Rainn: The reason Portland is Ė hold on one second, sorry Ė the reason Portland is Backstrom is based on a series of Swedish books. We wanted to kind of have a place that had that same, we call it like Portland noir, it has a Scandinavian feel where itís mossy and cloudy and dark and thereís trees and water Ė it just has the little feel of Scandinavia in it. We also wanted a city big enough that had some real crime to deal with, but also a quirkiness. Itís a dramedy that weíre making, and we wanted it to have a quirky vibe about the show, and Portland has that Ė obviously, from Portlandia.

We can get to do some different kinds of crimes in the city of Portland. Itís got a more eccentric nature. We have an episode later on thatís with an indie rock band, and thereís a lot of other cities Ė you canít really do an indie rock band murder thing in Kansas City, letís say. I donít even know if there are indie rock bands in Kansas City. So, it gives you a lot.

Jim: What attracted you to the role of Backstrom?

Rainn: What attracted me to the role was its complexity. I had been playing Dwight for years, and as great as they wrote the part for me and as many colors as they found for him, there are only a certain number of levels that Dwight works on. Itís like he wants to run the office, he wants to sell a lot of paper, he wants to torment Jim, be liked by Michael, and wed Angela. That was it. Thatís the color palette that youíre dealing with for 200 episodes.

For Backstrom itís so much more. Thereís family torment, thereís fighting crime, thereís using his kind of Sherlockian brilliance, there are potential love stories, thereís his tormented relationship with addiction Ė there are all these incredible things to play as an actor. When it was offered to me, I just couldnít pass that up. It was just too great of an opportunity. Parts like that are rare. Theyíre just very rare.

Jim: Well, congratulations. Good luck with it.

Rainn: Thank you.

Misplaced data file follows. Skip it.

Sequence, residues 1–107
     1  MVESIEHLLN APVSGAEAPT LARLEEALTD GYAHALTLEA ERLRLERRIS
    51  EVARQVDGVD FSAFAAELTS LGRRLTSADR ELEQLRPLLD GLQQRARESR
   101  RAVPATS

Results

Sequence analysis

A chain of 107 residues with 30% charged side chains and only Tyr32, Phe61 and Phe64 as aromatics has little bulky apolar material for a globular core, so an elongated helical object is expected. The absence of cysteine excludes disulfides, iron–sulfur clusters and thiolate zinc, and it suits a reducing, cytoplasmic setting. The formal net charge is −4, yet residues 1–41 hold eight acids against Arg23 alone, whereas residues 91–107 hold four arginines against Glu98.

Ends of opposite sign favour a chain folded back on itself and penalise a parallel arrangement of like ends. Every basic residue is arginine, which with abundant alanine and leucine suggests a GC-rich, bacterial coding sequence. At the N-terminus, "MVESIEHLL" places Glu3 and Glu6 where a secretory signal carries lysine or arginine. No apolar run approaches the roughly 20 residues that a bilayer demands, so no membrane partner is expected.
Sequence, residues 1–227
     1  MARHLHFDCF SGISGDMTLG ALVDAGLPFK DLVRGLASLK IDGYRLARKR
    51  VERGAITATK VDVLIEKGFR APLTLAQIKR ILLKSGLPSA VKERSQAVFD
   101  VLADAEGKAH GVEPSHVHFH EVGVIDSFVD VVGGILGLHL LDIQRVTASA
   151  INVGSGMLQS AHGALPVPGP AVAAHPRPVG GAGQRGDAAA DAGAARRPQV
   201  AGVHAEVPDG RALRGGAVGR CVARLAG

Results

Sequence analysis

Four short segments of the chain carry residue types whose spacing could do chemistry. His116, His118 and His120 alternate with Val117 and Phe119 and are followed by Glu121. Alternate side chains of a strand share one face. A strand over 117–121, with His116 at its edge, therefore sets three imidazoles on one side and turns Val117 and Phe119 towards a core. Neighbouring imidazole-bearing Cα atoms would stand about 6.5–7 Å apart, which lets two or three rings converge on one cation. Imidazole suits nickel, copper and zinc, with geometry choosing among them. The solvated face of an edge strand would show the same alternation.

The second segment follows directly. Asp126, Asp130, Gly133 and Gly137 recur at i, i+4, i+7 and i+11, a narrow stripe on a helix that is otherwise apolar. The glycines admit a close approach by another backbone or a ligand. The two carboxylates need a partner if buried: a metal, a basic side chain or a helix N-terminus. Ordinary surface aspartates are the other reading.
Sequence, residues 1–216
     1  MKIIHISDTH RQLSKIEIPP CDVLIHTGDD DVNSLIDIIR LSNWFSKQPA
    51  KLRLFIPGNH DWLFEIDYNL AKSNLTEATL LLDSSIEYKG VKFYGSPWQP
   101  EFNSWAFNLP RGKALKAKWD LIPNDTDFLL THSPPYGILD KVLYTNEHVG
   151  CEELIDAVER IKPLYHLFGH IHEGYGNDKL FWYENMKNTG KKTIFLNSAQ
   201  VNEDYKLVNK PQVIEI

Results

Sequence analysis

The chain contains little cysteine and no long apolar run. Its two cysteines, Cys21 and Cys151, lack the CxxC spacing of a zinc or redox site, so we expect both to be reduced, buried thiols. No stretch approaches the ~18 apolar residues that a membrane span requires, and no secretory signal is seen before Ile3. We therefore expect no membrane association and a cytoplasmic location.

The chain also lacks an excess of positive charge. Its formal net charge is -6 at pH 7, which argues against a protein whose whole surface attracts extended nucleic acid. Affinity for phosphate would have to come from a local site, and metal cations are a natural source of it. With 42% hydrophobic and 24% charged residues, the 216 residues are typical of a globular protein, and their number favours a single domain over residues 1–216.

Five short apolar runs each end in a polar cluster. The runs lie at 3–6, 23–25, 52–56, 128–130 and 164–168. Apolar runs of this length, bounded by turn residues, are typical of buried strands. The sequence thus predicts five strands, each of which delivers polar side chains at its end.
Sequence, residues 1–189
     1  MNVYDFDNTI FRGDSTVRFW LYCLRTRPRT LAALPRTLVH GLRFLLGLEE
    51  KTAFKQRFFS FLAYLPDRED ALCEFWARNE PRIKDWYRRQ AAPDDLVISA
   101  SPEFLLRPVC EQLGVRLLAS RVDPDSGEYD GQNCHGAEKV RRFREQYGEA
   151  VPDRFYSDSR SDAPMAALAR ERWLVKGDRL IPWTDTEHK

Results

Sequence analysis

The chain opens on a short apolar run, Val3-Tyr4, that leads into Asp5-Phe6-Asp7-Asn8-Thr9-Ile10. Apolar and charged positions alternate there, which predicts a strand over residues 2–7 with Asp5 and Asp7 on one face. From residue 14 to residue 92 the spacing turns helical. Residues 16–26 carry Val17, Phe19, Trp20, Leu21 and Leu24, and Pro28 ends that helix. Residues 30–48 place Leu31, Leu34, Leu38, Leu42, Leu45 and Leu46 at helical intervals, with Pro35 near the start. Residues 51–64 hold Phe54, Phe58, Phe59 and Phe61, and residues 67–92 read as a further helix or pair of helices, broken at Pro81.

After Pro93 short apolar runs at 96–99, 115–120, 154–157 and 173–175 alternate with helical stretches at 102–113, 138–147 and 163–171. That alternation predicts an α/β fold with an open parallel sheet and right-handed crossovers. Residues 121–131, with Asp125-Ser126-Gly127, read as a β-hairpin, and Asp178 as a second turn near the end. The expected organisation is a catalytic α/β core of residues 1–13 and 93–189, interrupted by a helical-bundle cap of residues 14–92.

Moderator: We have a follow-up from the line of Tiffany Vogt with Seat42F. Please, go ahead.

Tiffany: Hi, happy to talk to you again. I wanted to see if there was something you felt like youíd learned from inhabiting the soul of Backstrom?

Rainn: Any, Iím sorry, any things Iíve learned?

Tiffany: Yes.

Rainn: Thatís a very good question. What have I learned? I learned that I gain weight super easy in my old age. I learned what hard work it is to really do the research that you need to on the background of a character to really flesh it out and bring it to life. I didnít ever want to be generally grumpy or generally cantankerous or surly. I knew that if I was generally just grumpy, cantankerous, and surly, people would just get bored with that. This is a tormented person and it comes out. His emotions spew out sideways, like vents out of the side of a volcano. But youíve got to build that inner lava before you can Ė Iím going to go, totally, with this volcano metaphor right now Ė in order to really explore those.

Tiffany: Have any of the stories that you guys are working on for the show really kind of giving you chills? It seems like the show embraces some real dark storylines.

Rainn: Dark storylines Ė whatís the question, Iím sorry?

Tiffany: Does any of it kind of give you the chills? When you look at these stories and go wow, are we actually showing this on television?

Rainn: Iíd say not the chills, no.

Tiffany: Iím thinking of [indiscernible] an episode coming upó

Rainn: I would say that I was Ė as I read some of the episodes that really dug into this family story, especially the stuff with his dad, and it got really dark. I was like wow, are we going to be able to be this funny and this dark at the same time? Because Iím very, very interested in that. Thereís this Russian playwright, Anton Chekov, who I did a lot of work with when I was in college and as a young actor. I love Chekovís work because theyíre both really tragic and really, absurdly funny at the same time. They really reach for both; both live in the world of Chekov, and itís very reflective of the human experience.

Thatís where I do get the chills. Itís like wow, we get to be that silly sometimes and also that dark and true.

Tiffany: Again, itís an interesting shade for the show. I appreciate it; weíre looking forward to seeing where that goes.

Rainn: Thank you.

Moderator: We have no lines in queue at this time. Please continue.

Kim: Okay, that works out well, timing-wise, for us, as well, too. So if there are no more questions, I think weíll wrap it up there. Collin, if you just want to give replay instructions so that if anybody needs to hear this later, they know how to do that?

Moderator: Absolutely. That does conclude our conference for today. Thank you for your participation, and you may now disconnect.

Rainn: Thanks, everybody. Bye-bye.